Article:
A squadmate poses for a pic by the lake.

What might take a second to get used to is the control setup, which is very similar to LG’s previous title System Shock (and overall the game does occasionally have a faint “Shock goes for a walk outside” feel). There’s no ‘mouselook’ as we know it today; you move a set of crosshairs around the screen with the mouse, but to turn or look up and down you must use the arrow keys. It’s a little clumsier than what you might expect from a modern first-person title, but doesn’t take too long to ge the hang of. Meanwhile, most of the onboard functions like the night-vision, or arming different weapons, can be handled with one or two mouse clicks. The one set of commands that can get a little fiddly is issuing orders to squadmates, by clicking through menus, but there are keyboard shortcuts also. Overall, there’s certainly not as much to remember as in the ‘real’ big-robot games with regards to controlling your suit of armour. The HUD meanwhile is fairly unobtrusive; there are small displays that pop up with the map and systems info, but these can be dismissed for a full-screen view of of the action.

Once you’ve got the hang of piloting your suit, you should be pleased to hear that your job isn’t just wanton destruction. For example on some missions you’ll be frantically defending your electronics expert from waves of enemy soldiers whilst he tries to get a turret back on line. At other times your could be out scouting and evading detection, or guarding a convoy. There’s certainly enough variation in objectives for you to have to think up tactics for each new mission. Generally some of the most frantic action ensues when you’re trying to keep something apart from yourself alive (such as a convoy of trucks). Well laid plans go completely to pot as you desperately scream orders to your squadmates, trying to hold off waves of drones bent on fragging whatever you’re trying to guard. In contrast to this is the tension of sneaking past enemy guards on a solo mission, infiltrating their perimeter and spying on their base, knowing that if you’re spotted things could go horribly wrong. Terra Nova throws all kinds of experiences at you and at the end of the day it’s deeply satisfying to complete the missions.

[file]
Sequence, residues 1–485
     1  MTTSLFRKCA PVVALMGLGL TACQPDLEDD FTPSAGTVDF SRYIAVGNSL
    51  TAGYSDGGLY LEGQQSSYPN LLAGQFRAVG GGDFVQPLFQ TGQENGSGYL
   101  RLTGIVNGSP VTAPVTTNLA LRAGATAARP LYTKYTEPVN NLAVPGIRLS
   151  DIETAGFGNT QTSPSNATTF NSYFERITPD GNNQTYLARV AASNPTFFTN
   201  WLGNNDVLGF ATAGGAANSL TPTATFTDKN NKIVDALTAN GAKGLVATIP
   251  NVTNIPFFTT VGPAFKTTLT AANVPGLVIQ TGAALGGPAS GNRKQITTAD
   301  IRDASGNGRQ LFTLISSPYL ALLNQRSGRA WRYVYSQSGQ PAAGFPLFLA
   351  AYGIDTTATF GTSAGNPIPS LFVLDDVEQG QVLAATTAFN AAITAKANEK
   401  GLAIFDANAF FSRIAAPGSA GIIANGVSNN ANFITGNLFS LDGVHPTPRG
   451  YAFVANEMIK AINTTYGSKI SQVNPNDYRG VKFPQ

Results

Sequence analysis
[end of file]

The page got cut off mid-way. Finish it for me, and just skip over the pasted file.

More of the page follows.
Between combat sessions, the storyline is played out in a series of FMV sequences in a Command-and-Conquer style. The acting is fairly mediocre as is usually the case for computer games, in fact in places it’s downright awful. Still, given time you should warm to Nik Ap Io and his comically overacted friends and foes. Whilst the mission structure is are entirely linear, one after the other, they are well integrated into the plot. So you do feel like you’re a part of the story, rather than some faceless grunt.

These guys rudely interrupted my quiet stroll down a country lane.

All in all TN is a sadly underrated classic, and its general failure to shift copies is in my mind a disappointing reflection on the gaming community in general. I remember avidly playing the demo back in 1996, reading glowing reviews of TN in the gaming mags, and then rushing out for a full copy when it hit the shops. So why did most gamers either ignore this game, or fail to even notice it, when I found it so impressive and many critics seemed to agree? I suppose the usual lack of publicity is to blame; perhaps it was overshadowed by the “mecha” series like Earthsiege and Mechwarrior. This is a shame; not to say that such games aren’t a lot of fun, but TN is in my book superior to just about any of them. It certainly deserves better recognition, successfully mixing first-person action with a simulation of futuristic squad-level combat. Options for hi-res and also some kind of multiplayer would have helped but; this is still an excellent example of a classic from yesteryear that can still hold its own today.